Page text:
• Providing escape routes in case conditions in the tunnel after an accident become life threatening;
  • Ensuring that those responding after an accident are thoroughly trained to react swiftly and effectively.

As stated above, the Third Crossing Society realizes that as the industry now stands, tunneling is an expensive process, roughly comparable to bridge building. Further research is ongoing, and we expect there will be significant updates to this section as time goes on. We have established a liaison relationship with experts in the Norwegian tunneling industry, and will soon be consulting with staff at the Canadian Tunneling Association.

To read the details of the extensive studies of tunnel safety, please see the extensive OECD study and its bibliography.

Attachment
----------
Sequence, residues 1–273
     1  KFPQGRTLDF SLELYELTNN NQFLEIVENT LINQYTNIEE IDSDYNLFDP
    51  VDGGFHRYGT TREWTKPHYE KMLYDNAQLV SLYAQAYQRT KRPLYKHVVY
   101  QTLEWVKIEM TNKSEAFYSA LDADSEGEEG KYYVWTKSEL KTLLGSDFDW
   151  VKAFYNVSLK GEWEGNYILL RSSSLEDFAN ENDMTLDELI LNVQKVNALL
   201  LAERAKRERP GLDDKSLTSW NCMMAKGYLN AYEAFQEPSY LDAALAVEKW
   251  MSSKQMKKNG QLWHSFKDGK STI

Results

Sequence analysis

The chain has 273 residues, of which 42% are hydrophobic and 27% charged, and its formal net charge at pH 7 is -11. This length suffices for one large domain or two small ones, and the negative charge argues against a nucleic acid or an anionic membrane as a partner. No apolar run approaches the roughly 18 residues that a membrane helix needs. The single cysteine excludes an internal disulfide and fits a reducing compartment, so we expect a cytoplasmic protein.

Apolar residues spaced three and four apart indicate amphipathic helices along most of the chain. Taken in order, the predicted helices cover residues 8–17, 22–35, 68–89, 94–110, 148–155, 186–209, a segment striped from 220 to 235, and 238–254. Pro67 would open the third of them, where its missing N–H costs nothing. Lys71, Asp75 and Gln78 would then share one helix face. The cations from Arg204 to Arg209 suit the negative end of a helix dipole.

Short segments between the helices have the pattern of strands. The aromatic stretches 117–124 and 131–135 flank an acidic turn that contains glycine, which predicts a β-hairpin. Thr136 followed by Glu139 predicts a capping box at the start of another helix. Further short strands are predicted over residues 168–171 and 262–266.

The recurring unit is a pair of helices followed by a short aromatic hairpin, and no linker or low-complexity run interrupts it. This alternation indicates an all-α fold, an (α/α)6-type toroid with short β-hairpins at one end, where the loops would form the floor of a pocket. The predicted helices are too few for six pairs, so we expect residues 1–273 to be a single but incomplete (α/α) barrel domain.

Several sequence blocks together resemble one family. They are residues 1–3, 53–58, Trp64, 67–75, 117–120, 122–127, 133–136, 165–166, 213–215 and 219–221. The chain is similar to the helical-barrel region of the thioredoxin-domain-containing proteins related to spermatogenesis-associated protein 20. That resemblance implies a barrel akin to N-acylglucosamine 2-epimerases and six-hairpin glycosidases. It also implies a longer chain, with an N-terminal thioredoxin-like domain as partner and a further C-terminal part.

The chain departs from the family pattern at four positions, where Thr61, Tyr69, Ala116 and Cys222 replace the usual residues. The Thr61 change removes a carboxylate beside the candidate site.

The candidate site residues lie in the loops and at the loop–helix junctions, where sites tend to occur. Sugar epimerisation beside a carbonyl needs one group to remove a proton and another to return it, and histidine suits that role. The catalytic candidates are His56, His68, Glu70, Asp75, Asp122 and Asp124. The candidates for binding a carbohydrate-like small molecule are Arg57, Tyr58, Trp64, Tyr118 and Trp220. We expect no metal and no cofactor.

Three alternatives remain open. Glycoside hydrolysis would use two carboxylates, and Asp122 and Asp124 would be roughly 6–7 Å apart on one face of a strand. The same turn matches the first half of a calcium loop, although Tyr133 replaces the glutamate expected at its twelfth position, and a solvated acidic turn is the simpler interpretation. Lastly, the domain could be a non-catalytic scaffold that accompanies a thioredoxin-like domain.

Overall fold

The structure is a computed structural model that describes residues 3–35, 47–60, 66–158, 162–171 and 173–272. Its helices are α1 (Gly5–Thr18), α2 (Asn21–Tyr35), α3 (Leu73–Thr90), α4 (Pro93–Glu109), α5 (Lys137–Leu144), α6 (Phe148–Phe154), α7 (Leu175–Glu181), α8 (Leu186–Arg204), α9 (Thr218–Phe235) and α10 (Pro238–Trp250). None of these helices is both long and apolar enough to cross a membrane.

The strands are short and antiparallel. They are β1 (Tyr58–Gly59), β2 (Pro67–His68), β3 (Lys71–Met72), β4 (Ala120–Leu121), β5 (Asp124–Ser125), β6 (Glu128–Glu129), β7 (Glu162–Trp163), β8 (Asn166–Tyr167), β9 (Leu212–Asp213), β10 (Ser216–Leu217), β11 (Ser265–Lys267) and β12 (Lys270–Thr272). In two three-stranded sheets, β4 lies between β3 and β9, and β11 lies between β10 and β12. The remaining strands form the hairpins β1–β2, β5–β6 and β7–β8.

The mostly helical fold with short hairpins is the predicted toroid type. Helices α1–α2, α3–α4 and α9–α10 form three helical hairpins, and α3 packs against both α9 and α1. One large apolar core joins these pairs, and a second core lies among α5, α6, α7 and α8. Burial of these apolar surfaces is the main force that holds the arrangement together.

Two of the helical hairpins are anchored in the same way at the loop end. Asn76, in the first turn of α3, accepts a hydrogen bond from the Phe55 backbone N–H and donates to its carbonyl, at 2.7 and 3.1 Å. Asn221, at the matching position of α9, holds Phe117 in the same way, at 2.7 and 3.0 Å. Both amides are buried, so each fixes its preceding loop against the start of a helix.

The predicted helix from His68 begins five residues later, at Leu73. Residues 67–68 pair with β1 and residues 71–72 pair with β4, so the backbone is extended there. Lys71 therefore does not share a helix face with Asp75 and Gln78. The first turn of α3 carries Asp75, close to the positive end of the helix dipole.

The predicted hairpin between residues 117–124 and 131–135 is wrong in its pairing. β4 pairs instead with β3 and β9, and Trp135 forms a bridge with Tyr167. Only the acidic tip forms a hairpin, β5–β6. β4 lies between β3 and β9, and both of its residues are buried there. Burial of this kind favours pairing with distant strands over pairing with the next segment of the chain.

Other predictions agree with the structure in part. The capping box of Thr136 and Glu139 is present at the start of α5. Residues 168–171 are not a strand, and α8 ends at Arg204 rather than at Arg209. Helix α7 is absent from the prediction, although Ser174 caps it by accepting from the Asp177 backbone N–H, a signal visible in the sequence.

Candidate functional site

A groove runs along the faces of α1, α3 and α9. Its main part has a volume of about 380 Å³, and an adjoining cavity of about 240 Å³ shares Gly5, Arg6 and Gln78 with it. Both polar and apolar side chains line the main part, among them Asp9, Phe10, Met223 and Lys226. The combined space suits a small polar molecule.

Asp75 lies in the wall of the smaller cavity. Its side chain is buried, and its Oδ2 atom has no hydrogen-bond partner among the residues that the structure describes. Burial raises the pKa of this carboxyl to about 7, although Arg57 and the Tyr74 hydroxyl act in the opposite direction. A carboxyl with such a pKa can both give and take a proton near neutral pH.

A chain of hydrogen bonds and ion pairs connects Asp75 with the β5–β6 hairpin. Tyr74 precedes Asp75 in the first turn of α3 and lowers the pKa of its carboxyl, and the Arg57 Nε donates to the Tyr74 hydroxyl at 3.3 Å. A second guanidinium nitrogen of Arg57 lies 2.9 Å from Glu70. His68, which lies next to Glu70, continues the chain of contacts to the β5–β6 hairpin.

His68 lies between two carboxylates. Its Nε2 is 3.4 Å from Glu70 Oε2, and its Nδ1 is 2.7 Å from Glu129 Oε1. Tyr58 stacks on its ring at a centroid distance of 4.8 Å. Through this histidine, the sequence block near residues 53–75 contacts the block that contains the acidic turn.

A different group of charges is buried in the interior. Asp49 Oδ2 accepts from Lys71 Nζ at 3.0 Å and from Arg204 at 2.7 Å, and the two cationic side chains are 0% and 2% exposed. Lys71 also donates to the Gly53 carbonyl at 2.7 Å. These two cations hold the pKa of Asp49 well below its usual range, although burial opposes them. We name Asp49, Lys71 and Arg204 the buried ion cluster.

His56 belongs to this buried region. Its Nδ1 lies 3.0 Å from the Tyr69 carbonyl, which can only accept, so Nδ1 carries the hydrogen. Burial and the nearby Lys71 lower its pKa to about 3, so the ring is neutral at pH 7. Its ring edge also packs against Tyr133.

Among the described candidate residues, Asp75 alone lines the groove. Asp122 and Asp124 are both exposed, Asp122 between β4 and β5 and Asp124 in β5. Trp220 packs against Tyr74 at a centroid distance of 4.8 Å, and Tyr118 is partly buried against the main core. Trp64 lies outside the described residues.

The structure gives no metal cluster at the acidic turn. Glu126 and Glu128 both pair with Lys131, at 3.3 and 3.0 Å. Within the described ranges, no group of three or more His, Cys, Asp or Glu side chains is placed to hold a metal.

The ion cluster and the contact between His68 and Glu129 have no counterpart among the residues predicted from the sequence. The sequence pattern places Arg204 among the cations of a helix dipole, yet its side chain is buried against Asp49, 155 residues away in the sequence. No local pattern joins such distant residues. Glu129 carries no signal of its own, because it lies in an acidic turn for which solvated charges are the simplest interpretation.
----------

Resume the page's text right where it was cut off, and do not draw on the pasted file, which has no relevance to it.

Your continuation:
http://www.oecd.org/norway/36100776.pdf

Conclusions

Safety is always a major concern in highway construction, and B C is no exception.

Tunnels have the advantage of providing shorter routes and faster journey times and avoid narrow, winding roads over mountain passes where safety is often compromised by winter conditions.

The modern road tunnel is one of the safest means of travel in the world today.

This should be no surprise when one reflects upon the marvel of our own spiral rail tunnels, built so many years ago. However, it is fair to say that we do not live in a tunnel culture, even though tunneling is increasing, particularly in our rapid transit applications. Still we are mere beginners when compared to countries like Norway. Perhaps there is much to be learned by looking abroad.

Cost is often cited as an objection to tunnel building. We hasten to point out that tunneling and bridge building appear to have similar cost structures. We also note that Norway, one of the great tunnel building nations has 23 road tunnels longer than 7 km, and its population is similar to B C’s 4.4 million.